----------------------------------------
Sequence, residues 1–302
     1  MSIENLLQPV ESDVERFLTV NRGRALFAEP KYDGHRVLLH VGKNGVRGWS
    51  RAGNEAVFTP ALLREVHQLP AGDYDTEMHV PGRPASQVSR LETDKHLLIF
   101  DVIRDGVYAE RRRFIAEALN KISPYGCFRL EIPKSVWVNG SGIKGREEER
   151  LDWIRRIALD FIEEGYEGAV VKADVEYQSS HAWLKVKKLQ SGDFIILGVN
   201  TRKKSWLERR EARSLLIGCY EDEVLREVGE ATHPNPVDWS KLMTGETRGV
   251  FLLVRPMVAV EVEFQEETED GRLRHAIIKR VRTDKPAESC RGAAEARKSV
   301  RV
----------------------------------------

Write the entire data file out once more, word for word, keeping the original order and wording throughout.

Sequence, residues 1–302
     1  MSIENLLQPV ESDVERFLTV NRGRALFAEP KYDGHRVLLH VGKNGVRGWS
    51  RAGNEAVFTP ALLREVHQLP AGDYDTEMHV PGRPASQVSR LETDKHLLIF
   101  DVIRDGVYAE RRRFIAEALN KISPYGCFRL EIPKSVWVNG SGIKGREEER
   151  LDWIRRIALD FIEEGYEGAV VKADVEYQSS HAWLKVKKLQ SGDFIILGVN
   201  TRKKSWLERR EARSLLIGCY EDEVLREVGE ATHPNPVDWS KLMTGETRGV
   251  FLLVRPMVAV EVEFQEETED GRLRHAIIKR VRTDKPAESC RGAAEARKSV
   301  RV